Connecting Through Communication

Back to school… This time of year is a relief for some and a dread for others.  I never put a feeling to it before I dropped my oldest at college, and now it comes with all sorts of emotions.  As I think about school, I am thinking about all that our kids, however old they are, experience.  And all that the parents experience too!

Actually, as I was doing my social media video on sending kids off to college, I had to do several takes, as this topic really rings close to home for me.  Check it out in TikTok or Instagram when you have a second.

There is a lot of trust that goes into the whole school experience.  We trust that everything is status-quo until it isn’t.  How do you know when things are off or not right?  Do you reflect on conversations and what is going on?  Do you ask questions? It is hard sending our kids off to school when we don’t even have a sense of security about their safety.  It was hard before and it is harder now.

When Northwestern was in the news last month, the continued reporting cites examples of hazing for over 100 years.  With the current hazing allegations, one article, reminded me of how important it is to communicate with clarity.  The discussion about a survey of students included a point that really stuck out, one I know to be true from my own experiences and anecdotal listening:  “More than half of all students polled who belonged to clubs, teams, or organizations said they experienced behaviors that would meet the definition of hazing; yet at the end of the survey, when the students were asked if they had ever been hazed, only 1 in 10 responded affirmatively.”  They said these behaviors often begin in high school.   

So how do we start to talk with our kids?  They don’t put down their phones (do you?). If you are stuck about how to talk to them, or how to have conversations that are reciprocal, let’s talk about strategies that work.  

One of the ways we can talk to them is by listening to them.  “How was your day?” Or, “Did you have a good day?” will only get us a one or two-word response.  So how do we start a conversation that leads to the conversation?  How, when, and where can be pre-meditated or you can be empowered to take advantage of a spontaneous opportunity.  Remember, they are like us and need to feel that the agenda is safe and calm in order to trust themselves and relax.  Please be sensitive to the value of humor and a conversational tone:  These are priceless tools!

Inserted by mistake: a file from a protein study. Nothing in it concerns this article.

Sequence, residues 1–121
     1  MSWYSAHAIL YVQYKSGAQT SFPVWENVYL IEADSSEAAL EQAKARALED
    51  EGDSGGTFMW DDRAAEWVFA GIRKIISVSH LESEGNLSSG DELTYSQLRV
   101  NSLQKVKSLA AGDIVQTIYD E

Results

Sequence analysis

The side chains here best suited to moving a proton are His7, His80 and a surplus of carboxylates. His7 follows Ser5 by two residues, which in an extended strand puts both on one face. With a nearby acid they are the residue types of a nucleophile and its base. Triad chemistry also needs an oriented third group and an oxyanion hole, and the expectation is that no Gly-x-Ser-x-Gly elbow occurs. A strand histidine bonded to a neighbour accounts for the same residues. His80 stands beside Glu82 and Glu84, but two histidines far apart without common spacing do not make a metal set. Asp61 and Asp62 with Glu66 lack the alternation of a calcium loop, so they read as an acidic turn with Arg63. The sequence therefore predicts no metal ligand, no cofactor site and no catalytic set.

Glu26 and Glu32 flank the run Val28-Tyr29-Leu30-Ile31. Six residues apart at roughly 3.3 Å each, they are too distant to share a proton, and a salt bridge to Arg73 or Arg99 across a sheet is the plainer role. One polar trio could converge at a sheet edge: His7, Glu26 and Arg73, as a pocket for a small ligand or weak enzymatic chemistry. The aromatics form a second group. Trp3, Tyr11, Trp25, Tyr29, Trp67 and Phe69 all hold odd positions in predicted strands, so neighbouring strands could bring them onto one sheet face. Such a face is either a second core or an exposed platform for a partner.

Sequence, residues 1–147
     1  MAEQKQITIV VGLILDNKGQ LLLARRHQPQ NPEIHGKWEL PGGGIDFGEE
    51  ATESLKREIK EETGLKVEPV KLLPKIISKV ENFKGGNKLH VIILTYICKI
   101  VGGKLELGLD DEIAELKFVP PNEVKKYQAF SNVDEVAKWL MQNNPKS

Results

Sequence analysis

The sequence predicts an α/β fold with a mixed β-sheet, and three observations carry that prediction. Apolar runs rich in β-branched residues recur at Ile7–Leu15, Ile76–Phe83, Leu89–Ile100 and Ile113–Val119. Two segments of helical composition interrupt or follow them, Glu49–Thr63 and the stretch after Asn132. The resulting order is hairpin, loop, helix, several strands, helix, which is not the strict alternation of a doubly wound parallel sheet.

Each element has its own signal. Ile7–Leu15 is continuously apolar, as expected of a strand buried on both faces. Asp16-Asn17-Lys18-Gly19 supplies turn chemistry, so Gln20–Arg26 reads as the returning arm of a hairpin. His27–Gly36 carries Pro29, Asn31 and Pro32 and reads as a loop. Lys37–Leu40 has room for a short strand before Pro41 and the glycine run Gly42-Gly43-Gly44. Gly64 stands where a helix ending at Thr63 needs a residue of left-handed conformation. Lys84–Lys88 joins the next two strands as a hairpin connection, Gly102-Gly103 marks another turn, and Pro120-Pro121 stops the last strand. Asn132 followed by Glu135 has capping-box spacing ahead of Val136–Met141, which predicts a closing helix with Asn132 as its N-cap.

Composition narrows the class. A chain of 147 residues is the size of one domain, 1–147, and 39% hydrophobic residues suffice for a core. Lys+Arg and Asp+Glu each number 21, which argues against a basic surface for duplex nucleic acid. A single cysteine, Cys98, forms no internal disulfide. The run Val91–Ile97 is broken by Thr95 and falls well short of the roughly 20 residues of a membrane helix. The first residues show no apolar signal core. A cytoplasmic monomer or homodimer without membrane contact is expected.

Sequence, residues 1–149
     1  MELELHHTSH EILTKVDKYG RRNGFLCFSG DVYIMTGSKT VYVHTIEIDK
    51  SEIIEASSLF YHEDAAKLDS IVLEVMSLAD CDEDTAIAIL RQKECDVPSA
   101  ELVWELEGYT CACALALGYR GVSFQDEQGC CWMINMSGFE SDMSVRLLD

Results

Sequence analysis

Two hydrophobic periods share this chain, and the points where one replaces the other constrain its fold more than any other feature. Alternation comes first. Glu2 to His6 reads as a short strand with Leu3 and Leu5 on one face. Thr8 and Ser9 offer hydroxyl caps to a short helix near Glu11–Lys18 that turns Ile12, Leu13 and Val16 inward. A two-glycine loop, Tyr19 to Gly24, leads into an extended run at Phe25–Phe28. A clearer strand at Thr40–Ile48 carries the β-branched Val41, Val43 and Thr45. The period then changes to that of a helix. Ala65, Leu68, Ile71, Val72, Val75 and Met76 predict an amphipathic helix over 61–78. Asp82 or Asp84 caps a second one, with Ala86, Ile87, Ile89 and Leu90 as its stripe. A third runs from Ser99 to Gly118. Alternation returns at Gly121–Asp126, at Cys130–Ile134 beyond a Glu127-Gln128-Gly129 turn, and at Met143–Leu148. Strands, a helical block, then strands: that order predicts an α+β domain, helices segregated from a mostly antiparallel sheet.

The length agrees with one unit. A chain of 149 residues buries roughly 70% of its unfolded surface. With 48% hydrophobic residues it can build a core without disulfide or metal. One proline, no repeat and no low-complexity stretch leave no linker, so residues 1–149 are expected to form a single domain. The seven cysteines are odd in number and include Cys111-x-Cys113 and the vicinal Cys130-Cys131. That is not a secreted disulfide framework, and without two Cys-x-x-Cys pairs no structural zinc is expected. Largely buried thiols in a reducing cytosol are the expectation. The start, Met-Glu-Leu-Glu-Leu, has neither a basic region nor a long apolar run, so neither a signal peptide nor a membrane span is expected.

For example, if talking about hazing, once the dialogue begins, it’ll be easier to say, “Look, it can’t be easy for you to feel safe in this world, let alone feel the pros outweigh the cons to speak up.  But we’re doing our best to keep you safe and want to help you feel in control and good about what is going on.  That’s why we want your thoughts on hazing; what do you even think it is?   Are you open to hearing about what we know about it?”

Not every question-or answer-will be as effective as an ongoing conversation here and there. So, we can demonstrate the value of actually talking together by keeping electronics completely out of reach during these times.

You might now be thinking that you TRY to talk to them, but how in the world is it possible to have quality conversations when they are “always on their phones”?   It seems more than ever they are relying on Snapchat for validation and self-esteem which is leading to even more insecurity  (google Luddites if you have not heard this term before.  Can flip-phones make a comeback?) and what feels like an unbreakable cycle.  Furthermore, I can’t tell you how often I hear a teen, or even a younger adult, tell me about something that is inaccurate about mental health based on what they saw on social media (this article discusses more of this here).  Fortunately, they are telling me in a setting where they are open to hearing clarifications, but what is your communication like yourself?  The more kids feel alienated, and if the more parents are helpless to this alienation are we then passively promoting dangerous subcultures (hazing… gangs…).  So now what?

And remember…Our kids don’t have to be happy all the time- we sure aren’t!- so can you tolerate their distress and be there successfully when they are struggling?  And talk about trust…We are born and bred with insecurity.  From teens to adults to older adults, the word security comes up weekly if not more.  This NY Times article even says “you cannot afford to rest” or you will lose out, lose things, and be not-secure.  What if we instead, don’t look at insecurity as so negative.  “Rather than something to pathologize, I want us to see insecurity as an opportunity. We all need protection from life’s hazards, natural or human-made. The simple acceptance of our mutual vulnerability — of the fact that we all need and deserve care throughout our lives — has potentially transformative implications.”  If we acknowledge we are insecure with our relationships and with our experiences, can we reframe them as opportunities?

Communication: How to have quality conversations, how to dialog in a healthy way, and how to leave conversations feeling like they mattered.  This is what we specialize in and can help you build on what you already do right.   I have a cheat sheet on my website to get you started.  You too can communicate the way therapists do- I am confident you can build on these skills, and we can help you do that too.  Remember, people want empathy and understanding… and quite typically not solutions.  There is a difference between responding and reacting.  They need consistent and loving relationships and that is what you represent.

Ask us how these skills are adapted when you are communicating with your partner, your friends and your own parents!


Take care of yourself this Fall.



Lynn Zakeri

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